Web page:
Patch of Land
Emily Arin’s Patch of Land opens with a breezy bit of folk-pop called “I Thought by Now” and then abruptly changes tone with “Waltz for Spalding Gray.” The melancholy, insightful perspective of the second track is closer to Arin’s sterling par. She combines the instrumentation of folk music with a cosmopolitan, even world-weary sensibility. “Vertical Miracle” picks up the pace again but lines like
How the years have come over me
Of habits that are stronger than chains
And live with me at close range
keep the mood reflective and the outlook existential. After the first listening you will not have a clear idea of what a vertical miracle might be, but you will want to know.
Arin’s voice is plaintive and gentle, shaded with feeling that comes across as entirely consonant with the meaning of every word she sings. You could profitably understand and enjoy this album even if you didn’t know a word of English.
Her supporting band is equally capable of the chamber-music atmospherics of “By the Fiery Glow,” the doo-wop swagger of “A Rainy Night in Memphis” or the folk-rock of “Vertical Miracle.” Pedal steel player Joe Novelli is a particularly noteworthy contributor, as he coaxes the mostly oddly appropriate noises from his instrument, recalling equally the SoCal chops of David Lindley and the imaginative forays of Bruce Kaphan (American Music Club).
Patch of Land’s pacing creates a landscape of gentle up-tempo hills separated by wider contemplative valleys. The mournful cello and delicately picked arpeggios of “When You Knew Me When” rise into “Memphis” and then the title track begins a final elegiac stretch that will leave you conscious of the blood in your veins and of the quiet comfort of sitting out of the wind in the light of a “Hidden Flame.”
Stream the whole album right here:
—Bill Chaisson (Trumansburg, NY)
Wood and Stone
[Sugar Hill Records (2011)]
As the opening bars of the title track kick into gear and the rest of the song unfolds like a well-oiled machine, the listener will be reaching for the liner notes of Tara Nevins’s new album and asking “Who the heck made this?” [I actually did this. -Jack] The answer is Larry Campbell, the multi-instrumentalist often credited with making Bob Dylan’s band one of the tightest on Earth from 1997 to 2004. Those who are familiar with Nevins’s work with Donna the Buffalo will be immediately struck by how at home she sounds, her voice sits astride these arrangements with all the comfort, grace and confidence of a veteran rider on well-trained mount.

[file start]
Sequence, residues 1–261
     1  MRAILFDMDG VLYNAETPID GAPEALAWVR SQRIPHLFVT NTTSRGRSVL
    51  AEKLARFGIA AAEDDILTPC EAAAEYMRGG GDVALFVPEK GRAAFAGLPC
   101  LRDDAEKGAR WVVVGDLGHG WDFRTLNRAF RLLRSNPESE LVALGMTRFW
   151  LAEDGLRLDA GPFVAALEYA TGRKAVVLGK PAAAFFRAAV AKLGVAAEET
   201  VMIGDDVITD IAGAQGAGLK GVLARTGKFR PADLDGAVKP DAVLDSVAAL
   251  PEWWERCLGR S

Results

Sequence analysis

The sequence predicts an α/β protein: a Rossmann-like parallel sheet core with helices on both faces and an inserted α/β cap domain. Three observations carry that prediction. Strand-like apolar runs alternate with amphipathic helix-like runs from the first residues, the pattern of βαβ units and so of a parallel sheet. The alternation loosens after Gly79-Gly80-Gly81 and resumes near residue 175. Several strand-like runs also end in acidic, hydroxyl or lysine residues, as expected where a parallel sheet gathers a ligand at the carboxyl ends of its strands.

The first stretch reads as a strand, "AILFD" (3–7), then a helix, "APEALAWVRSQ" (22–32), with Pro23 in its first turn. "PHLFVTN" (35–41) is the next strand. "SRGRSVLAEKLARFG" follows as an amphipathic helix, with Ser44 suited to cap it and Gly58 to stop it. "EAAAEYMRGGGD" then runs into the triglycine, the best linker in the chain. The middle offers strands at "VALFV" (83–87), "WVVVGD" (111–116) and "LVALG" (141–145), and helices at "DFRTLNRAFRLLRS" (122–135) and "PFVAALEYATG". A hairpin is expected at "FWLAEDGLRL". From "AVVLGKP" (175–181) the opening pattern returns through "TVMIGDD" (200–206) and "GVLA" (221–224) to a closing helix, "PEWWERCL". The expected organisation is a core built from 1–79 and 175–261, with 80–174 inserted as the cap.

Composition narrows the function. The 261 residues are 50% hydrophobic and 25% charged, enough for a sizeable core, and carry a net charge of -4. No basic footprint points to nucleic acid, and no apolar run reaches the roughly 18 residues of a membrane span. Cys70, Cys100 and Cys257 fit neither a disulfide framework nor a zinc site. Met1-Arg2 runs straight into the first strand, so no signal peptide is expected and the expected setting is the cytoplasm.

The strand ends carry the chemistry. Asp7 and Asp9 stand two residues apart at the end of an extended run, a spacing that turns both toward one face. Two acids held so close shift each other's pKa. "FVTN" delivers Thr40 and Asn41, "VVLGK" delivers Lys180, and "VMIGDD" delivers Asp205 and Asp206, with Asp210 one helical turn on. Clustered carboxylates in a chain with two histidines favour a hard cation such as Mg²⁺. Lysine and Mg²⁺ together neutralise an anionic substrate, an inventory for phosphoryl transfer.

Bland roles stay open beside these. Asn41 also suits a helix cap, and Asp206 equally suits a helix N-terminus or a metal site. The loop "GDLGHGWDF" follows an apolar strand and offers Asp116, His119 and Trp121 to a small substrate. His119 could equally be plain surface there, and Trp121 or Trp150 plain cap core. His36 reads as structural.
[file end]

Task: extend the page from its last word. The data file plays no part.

This, her second solo album, is the collection that most people were likely expecting the first time, but Mule to Ride (1999) consisted largely of traditional tunes played with old friends. Nevins’s contributions to the Donna the Buffalo oeuvre are tightly arranged verse-chorus-verse country-rock songs usually chronicling some stage in the cycle of personal relationships but occasionally expressing universalist themes with startlingly honest warmth and hope.
On Wood and Stone you get songs that would not in the least be out of place on a Donna the Buffalo album, but Campbell’s production is superior to anything on a Donna album, even Silverlined, which was made in a real commercial studio in North Carolina. “You’re Still Driving That Truck” is fascinating first because she is being gently funny (Nevins is usually hurt, angry, or beatific), and then because she sounds completely relaxed. This trend continues on “Who Would You Tell,” where her vocal swings with the beat (whereas she usually soars over and across it).
“Snowbird” feels like an authentic old-time song meant to be played on a front porch instead of on stage. The mandolin, pedal steel, fiddle, and guitars lock together as if the musicians were playing in a circle in the studio. Anyone who has followed Nevins for many years will know that she once played in an old-time combo called the Heartbeats (with June Drucker, Rose Sinclair and Beverly Smith), and that Mule to Ride included many songs like this one. The Nevins-penned fiddle tune “Nothing Really” is an actual reunion of the Heartbeats, and the two tracks are a beautiful old-time interlude in this country album.
Larry Campbell has freed up Nevins to focus on her fiddle playing in her own songs, and the consistent result on Wood and Stone (again, compared with Donna the Buffalo songs) is more complete melodic lines that more fully recall the old-time tunes that inspired them. “What Money Cannot Buy,” “The Wrong Side,” and “Stars Fell on Alabama” are like a short course in the genealogical relationship between old-time and country music. It’s not coincidental that Sinclair and Smith appear on most of these.
The distorted guitar of “Tennessee River” brings you firmly back into rock territory, and the deeply personal lyrics match this shift from a traditional to modern perspective. Not too many songwriters write completely bummed out as well as Nevins; her anger always sounds justified, and her suffering always has dignity.
The album was recorded in Levon Helm’s studio, and he appears on a couple tracks. Nevins also gets harmony vocal contributions from Teresa Williams (Campbell’s wife), Allison Moorer, and Jim Lauderdale. There’s really nothing not to like about this album and long-time fans should find Wood and Stone to be the fullest realization of Nevins’s talent that they have yet heard.
—Bill Chaisson (Trumansburg, NY)